SUPAI VILLAGE, Ariz. — Anya Uqualla, a young Supai mother holds her 2-month-old infant in her arms as she sits on a bench in the village square watching three U.S. Marines and several volunteers make final arrangements for Santa Claus, who will be arriving by helicopter later that morning.
In addition to the infant, Uqualla has four school age children who will be escorted from their classrooms once Santa arrives. Santa’s visit is the biggest event in the village during the Christmas season and it’s the only time the children are able to sit on Santa’s lap and receive gifts directly from him. Even more than receiving gifts, being able to visit with Santa is the highlight of the day, Uqualla said.
“Seeing Santa — he is the only (Santa) during the holidays,” she said. “They are excited about the toys, the Marines and the chopper. We look forward to this every year.”
For her, the best part is watching her children.
“Seeing my kids excited about the day — seeing the chopper,” she said.
The Havasupai Reservation is one of the most remote reservations in the United States. Nestled deep within the Grand Canyon, the only way to access the village is by horseback, helicopter or an 8-mile hike. This section of the Grand Canyon lies outside the boundary and jurisdiction of Grand Canyon National Park and can be reached by car via Indian Road 18 — a 66-mile drive located off Historic Route 66 near Peach Springs, Arizona.
The reservation is perhaps best known for its turquoise waterfalls — Havasu, Mooney and Beaver Falls. The Havasupai Tribe are called the ‘people of the blue-green water’ and many national and international tourists trek through Supai Village on their way to the luxurious waterfalls on the far side.
The village is small — boasting a café, lodge, school, post office and general store. There is no McDonalds, Wal-Mart or 7-Eleven and access to other modern luxuries is non-existent. But those who live on the Havasupai Reservation are not accustomed to having convenience at their fingertips. When they need something one of the easiest ways to get it is to have it flown in by helicopter.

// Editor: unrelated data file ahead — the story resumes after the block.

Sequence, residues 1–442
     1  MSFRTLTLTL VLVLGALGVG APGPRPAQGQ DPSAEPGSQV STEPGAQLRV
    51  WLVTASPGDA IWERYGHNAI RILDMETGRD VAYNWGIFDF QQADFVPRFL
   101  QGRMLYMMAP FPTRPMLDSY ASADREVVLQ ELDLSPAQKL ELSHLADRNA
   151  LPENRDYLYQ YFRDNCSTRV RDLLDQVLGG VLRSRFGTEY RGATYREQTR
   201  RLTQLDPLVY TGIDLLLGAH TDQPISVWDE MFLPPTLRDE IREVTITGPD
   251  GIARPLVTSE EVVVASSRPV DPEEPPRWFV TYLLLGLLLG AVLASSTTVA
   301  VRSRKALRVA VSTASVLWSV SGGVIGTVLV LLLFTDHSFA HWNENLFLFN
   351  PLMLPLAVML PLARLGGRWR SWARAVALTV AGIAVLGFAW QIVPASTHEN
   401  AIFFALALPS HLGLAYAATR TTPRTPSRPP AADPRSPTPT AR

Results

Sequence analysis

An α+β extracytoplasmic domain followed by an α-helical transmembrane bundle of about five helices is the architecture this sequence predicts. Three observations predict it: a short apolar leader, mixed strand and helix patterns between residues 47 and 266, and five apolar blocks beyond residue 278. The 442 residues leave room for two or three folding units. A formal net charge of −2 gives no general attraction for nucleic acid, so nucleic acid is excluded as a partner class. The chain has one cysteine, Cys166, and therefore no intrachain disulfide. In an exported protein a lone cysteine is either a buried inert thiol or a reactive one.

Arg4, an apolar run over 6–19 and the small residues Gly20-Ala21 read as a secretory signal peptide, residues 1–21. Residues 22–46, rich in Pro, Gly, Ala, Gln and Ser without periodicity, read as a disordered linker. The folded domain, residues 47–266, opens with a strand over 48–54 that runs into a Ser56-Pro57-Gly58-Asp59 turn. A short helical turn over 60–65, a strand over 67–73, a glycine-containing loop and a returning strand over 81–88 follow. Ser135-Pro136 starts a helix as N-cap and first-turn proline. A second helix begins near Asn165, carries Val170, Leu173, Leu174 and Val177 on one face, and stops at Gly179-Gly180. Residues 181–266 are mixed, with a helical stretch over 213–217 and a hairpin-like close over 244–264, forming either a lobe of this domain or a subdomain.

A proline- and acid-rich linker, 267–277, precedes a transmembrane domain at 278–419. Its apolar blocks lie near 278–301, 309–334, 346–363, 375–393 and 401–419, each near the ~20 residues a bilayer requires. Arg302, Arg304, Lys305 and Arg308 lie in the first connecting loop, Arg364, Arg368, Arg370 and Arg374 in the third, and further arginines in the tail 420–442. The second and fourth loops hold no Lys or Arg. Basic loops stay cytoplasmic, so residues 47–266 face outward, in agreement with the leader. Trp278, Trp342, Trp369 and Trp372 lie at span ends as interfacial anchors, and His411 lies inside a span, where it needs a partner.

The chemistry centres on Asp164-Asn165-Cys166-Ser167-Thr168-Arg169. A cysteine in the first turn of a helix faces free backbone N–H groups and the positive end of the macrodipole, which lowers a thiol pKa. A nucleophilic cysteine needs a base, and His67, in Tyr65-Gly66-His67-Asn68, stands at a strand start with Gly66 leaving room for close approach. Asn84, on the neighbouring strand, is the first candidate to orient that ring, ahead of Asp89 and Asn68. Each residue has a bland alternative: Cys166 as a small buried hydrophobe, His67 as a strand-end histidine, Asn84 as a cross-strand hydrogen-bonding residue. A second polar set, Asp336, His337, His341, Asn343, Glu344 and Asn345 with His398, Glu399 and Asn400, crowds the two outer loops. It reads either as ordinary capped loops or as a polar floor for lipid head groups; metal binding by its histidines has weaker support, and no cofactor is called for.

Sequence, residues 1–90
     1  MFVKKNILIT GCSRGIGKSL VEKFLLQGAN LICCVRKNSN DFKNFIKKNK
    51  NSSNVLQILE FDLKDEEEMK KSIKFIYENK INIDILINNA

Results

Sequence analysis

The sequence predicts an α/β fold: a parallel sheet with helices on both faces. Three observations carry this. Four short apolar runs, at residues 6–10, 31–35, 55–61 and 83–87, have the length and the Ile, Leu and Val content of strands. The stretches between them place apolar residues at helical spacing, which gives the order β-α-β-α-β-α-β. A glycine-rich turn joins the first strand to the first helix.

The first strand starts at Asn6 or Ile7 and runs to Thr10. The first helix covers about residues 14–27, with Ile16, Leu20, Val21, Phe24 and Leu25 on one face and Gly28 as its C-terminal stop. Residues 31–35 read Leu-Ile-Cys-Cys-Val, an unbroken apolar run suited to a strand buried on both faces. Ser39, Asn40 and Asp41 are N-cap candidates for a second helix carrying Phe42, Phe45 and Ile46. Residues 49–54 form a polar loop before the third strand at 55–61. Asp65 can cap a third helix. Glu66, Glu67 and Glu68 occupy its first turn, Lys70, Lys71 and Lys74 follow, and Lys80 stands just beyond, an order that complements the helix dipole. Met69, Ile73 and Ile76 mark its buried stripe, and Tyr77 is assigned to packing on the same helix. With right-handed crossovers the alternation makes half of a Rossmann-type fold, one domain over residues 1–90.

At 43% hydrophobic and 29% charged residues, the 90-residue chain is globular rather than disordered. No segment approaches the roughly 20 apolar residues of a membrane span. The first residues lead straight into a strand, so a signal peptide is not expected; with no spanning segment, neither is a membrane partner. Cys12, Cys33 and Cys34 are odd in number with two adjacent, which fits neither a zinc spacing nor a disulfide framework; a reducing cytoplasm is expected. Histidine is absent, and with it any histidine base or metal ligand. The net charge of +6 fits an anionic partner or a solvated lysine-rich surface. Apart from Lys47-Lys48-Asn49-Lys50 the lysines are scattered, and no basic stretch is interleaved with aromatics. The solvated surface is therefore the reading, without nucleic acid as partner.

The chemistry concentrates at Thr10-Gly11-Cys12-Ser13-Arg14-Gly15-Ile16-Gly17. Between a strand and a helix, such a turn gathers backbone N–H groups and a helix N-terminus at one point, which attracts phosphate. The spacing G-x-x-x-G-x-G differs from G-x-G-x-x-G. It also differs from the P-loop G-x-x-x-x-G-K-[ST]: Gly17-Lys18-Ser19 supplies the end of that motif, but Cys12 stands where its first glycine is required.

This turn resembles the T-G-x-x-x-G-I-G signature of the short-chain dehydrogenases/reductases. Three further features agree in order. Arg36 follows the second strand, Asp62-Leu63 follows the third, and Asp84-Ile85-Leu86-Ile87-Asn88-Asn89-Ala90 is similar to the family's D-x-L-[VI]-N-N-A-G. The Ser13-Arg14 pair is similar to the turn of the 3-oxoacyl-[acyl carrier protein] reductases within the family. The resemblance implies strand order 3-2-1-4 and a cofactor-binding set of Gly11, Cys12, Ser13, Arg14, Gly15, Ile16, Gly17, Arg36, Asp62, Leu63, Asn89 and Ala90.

While convenience may not be a way of life in Supai, there is one annual tradition tribal members look forward to more than most. Every year the U.S. Marine Corps hand delivers toys to the children of Supai through its Toys for Tots program. The event is made possible through fundraising by the Marine League Charities and with support by Papillon Helicopter Tours and St. Mary’s Food Bank.
U.S. Marine Captain Hal Jensen started Operation Supai in 1996 and in 1998, Lieutenant Colonel James McGee and his wife Tina McGee took over coordination of the event.
“Hal was interested in the needy children that were less privileged,” Tina McGee has said about the event. “He was very aware, being in northern Arizona, of all the Native American communities. He felt that he not only wanted to help local children, but he wanted the outreach to be to isolated tribes and villages that needed Christmas as well.”
Coordination for the event begins in October when a list of Havasupai children is collected by the Marine League Charities from the Havasupai School. U.S. Marines from the Environmental Services Division, a reserve unit out of Phoenix are contacted to provide volunteers for the operation and St. Mary’s Food Bank begins organizing a meal to share with the community after the event. Papillon Helicopters provides transportation — slinging in food in a net below the helicopter along with flying in volunteers and U.S. Marines the day before the Santa visit and then flying in Santa Claus and two additional Marines the day of Santa’s visit.
Everyone’s goal is the same — to see children smile as they receive Christmas gifts and a visit from Santa. Making sure no child is overlooked is important to everyone.
“Our final list is (finalized) almost the last week before we fly in,” said Emerson Cleveland, a board member with the Marine League Charities. “We double check and double check.”
This year, 143 children were listed, in addition to children who were visiting from Peach Springs. Coordinators also brought extra presents for children who may not have put their name on the list in time.
While the fly-in targets children, it is a community event with almost the entire village showing up to take part and watch.
“This is a really big event. They enjoy Santa coming in because a lot of parents are very remote here. They don’t do a lot of shopping that a lot of other families are used to, so it’s a special event for Santa to come down with gifts,” said Lolita Paddock, principal at the Havasupai School.
Major James Hedger with the Phoenix Environmental Detachment at Luke Air Force Base was one of the Marines to fly-in to the village this year. To him, it was a special experience.
“This is the true (idea) of what Toys for Tots is about. It’s about not pounding your chest, not taking credit for it but just going out and giving back to some kids and seeing some happy faces — giving some hugs and having a great day,” Hedger said.
Hedger, who is 18 years into his career in the USMC, served in Okinawa, and was deployed to Iraq, and he served 10 years active duty before going into a reserve unit. Hedger said for him, and many other Marines getting to be a part of the Toys for Tots program at Supai Village, is a unique opportunity that his unit has been a part of since the conception. He hopes it stays that way.
“We don’t get that many opportunities. This type of opportunity is few and far between but it brings back all those things that you love about the Marine Corps — small units doing great things,” Hedger added.